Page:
Firearm injuries among children and adolescents in the United States have been on a significant rise, leading to a profound impact on their mental and behavioral health as well as their families, according to researchers from Massachusetts General Hospital (MGH) and Harvard Medical School (HMS). In a study published in Health Affairs, the researchers highlighted the need for improvement in clinical practice for survivors of gun violence and their family members, including better screening for mental and behavioral health needs and enhanced educational programs for clinicians.
The study focused on the mental and emotional toll on victims and their families, shedding light on the challenges they face in recovery and the subsequent strain on their loved ones. In particular, parents and siblings often prioritize the acute health needs of their injured family member, neglecting their own routine healthcare. To address these issues, the researchers emphasized the importance of trauma-informed healthcare systems that recognize and address the needs of those indirectly affected by firearm injuries.
The study revealed alarming statistics, showing that since 2020, more children and adolescents in the US have died from firearms than any other cause, marking an 87% increase from a decade ago. Additionally, a significant number of youth are shot and survive each year. However, studies investigating the impact of firearm injuries on survivors and their families, particularly children, have been limited.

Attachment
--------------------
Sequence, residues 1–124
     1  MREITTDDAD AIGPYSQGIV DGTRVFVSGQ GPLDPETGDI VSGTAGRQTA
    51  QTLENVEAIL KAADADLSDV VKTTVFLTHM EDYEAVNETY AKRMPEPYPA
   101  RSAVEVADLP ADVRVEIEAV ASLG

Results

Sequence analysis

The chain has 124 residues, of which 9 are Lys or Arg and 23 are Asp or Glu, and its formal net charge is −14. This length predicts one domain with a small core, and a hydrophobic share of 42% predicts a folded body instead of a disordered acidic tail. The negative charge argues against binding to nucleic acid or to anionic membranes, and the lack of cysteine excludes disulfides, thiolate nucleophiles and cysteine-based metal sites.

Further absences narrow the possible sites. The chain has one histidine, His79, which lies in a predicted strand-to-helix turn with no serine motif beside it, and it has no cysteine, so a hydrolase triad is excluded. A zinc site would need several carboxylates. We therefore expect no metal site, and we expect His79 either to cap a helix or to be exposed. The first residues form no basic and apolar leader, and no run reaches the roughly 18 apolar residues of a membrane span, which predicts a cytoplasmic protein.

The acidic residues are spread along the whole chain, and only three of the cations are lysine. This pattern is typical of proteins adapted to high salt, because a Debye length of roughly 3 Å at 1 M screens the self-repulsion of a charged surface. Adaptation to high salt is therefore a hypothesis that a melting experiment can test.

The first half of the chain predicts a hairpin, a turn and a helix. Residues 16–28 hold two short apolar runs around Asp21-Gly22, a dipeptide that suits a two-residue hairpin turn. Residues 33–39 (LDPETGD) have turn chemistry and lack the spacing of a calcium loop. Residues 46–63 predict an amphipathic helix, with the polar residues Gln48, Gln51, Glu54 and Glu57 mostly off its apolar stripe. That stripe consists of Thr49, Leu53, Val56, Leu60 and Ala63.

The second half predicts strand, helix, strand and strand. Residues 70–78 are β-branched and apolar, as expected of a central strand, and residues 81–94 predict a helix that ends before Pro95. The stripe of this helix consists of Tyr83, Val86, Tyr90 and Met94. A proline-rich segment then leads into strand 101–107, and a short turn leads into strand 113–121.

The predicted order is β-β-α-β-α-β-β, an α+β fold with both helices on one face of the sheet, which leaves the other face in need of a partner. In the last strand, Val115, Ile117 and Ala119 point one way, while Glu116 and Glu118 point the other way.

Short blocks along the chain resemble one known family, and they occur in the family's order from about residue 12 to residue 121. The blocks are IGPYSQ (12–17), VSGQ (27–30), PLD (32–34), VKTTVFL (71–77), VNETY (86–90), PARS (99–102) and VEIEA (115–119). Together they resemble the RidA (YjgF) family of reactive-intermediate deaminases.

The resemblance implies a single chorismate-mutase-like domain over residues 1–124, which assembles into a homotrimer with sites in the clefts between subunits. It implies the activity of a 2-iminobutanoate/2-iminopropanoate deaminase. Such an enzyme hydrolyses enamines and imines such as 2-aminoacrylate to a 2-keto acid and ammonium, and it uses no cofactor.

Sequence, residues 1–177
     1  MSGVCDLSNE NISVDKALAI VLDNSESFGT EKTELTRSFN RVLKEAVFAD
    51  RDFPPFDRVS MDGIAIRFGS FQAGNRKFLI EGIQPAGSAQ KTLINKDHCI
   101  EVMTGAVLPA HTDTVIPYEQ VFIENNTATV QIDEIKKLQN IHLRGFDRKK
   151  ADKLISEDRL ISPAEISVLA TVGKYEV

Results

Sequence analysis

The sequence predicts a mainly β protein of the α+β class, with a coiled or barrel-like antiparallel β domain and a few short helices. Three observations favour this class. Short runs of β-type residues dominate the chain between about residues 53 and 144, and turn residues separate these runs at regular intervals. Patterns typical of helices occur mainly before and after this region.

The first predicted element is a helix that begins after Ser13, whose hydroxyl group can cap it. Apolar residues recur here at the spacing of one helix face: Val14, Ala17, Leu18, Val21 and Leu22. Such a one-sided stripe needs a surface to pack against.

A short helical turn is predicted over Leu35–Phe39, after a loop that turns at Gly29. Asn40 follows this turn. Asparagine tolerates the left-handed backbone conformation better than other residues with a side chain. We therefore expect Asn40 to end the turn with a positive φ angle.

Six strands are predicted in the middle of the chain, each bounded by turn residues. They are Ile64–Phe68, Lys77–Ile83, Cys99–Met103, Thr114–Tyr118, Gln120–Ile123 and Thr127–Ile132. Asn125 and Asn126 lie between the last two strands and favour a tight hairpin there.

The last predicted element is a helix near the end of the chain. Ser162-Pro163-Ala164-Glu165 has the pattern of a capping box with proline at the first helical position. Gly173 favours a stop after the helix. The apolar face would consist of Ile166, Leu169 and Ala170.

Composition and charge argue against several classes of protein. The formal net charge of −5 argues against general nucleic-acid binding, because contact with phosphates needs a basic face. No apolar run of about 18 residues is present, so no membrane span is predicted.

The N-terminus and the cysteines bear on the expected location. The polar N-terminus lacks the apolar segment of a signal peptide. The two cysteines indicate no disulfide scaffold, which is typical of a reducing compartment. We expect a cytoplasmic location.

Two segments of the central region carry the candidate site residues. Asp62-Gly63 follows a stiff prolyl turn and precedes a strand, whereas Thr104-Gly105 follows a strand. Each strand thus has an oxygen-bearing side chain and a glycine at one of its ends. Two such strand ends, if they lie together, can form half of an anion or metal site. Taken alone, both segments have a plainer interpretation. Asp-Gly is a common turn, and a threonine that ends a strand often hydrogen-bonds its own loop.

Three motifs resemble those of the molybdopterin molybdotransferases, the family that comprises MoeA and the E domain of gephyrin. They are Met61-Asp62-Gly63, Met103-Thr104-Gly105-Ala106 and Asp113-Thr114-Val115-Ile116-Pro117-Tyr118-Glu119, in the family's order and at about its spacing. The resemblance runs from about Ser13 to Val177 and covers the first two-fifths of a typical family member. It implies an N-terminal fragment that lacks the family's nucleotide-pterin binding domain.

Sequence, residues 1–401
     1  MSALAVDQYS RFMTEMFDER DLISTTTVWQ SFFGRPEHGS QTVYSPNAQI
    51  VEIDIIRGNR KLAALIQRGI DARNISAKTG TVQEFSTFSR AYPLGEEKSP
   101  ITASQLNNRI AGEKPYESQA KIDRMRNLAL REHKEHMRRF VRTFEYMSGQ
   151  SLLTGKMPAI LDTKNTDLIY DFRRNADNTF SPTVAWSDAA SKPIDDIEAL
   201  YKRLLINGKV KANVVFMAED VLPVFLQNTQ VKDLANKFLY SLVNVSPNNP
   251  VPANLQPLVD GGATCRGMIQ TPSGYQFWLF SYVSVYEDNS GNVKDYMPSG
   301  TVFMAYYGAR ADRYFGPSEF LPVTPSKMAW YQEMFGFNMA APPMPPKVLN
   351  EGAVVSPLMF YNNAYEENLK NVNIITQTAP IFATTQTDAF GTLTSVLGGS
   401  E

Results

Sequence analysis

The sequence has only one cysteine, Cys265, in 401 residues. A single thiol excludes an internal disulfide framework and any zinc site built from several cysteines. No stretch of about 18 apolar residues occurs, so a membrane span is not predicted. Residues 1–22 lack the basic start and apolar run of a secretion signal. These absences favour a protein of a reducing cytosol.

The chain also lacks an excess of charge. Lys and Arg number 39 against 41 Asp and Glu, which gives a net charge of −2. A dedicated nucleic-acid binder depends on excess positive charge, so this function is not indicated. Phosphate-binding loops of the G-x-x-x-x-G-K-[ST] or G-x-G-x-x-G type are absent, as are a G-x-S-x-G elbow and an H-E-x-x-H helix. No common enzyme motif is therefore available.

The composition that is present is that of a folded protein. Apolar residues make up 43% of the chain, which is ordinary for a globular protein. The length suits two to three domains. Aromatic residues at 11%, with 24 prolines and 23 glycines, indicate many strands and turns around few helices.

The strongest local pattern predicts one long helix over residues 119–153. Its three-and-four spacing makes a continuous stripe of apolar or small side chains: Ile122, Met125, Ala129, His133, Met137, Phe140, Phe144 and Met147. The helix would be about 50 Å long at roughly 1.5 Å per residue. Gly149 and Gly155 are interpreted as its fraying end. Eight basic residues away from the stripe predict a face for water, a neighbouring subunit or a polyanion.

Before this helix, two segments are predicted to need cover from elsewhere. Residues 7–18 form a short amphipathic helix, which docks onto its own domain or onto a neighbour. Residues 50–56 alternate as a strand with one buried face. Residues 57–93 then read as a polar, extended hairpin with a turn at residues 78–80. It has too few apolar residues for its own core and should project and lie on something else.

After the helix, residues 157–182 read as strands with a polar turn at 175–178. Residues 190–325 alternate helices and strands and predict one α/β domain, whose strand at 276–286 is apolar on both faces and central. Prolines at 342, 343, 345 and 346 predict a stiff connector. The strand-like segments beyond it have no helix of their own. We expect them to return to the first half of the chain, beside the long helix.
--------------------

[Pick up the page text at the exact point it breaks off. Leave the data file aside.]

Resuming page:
Through an observational study, MGH researchers, in collaboration with HMS and the Boston Health Care for the Homeless program, compared 2,052 child and adolescent survivors of firearm injuries and 6,209 of their family members to control groups without such injuries. The findings showed that one year after the injuries, survivors experienced a substantial increase in pain disorders, psychiatric disorders, and substance use disorders compared to the control group. Similarly, parents of survivors also exhibited an increase in psychiatric disorders, with mothers making more mental health visits. Family members of children who died from gunshots experienced even higher rates of psychiatric disorders and mental health visits.
From an economic standpoint, the study revealed a significant increase in healthcare spending by survivors in the first year after firearm injuries, amounting to an average of $34,884, with most of the costs covered by insurers or employers. This underscores how firearm injuries not only affect individual families but also have a wider impact on the economy and societal resources.
The authors of the study argue that healthcare professionals need to take a more comprehensive approach to addressing firearm injuries, including screening for mental and behavioral health conditions not just in victims but also in their extended family and friends. By engaging in culturally informed discussions, healthcare providers can identify and address gaps in care, ultimately aiding in the healing process for all those affected.
This study further highlights the urgent need to address the escalating issue of firearm injuries among children and adolescents in the United States, not only from a physical health perspective but also from a mental and behavioral health standpoint. The findings emphasize the importance of improved clinical practices and trauma-informed healthcare systems to support survivors and their families in coping with the long-lasting impact of such injuries.
1. Source: Coherent Market Insights, Public sources, Desk research
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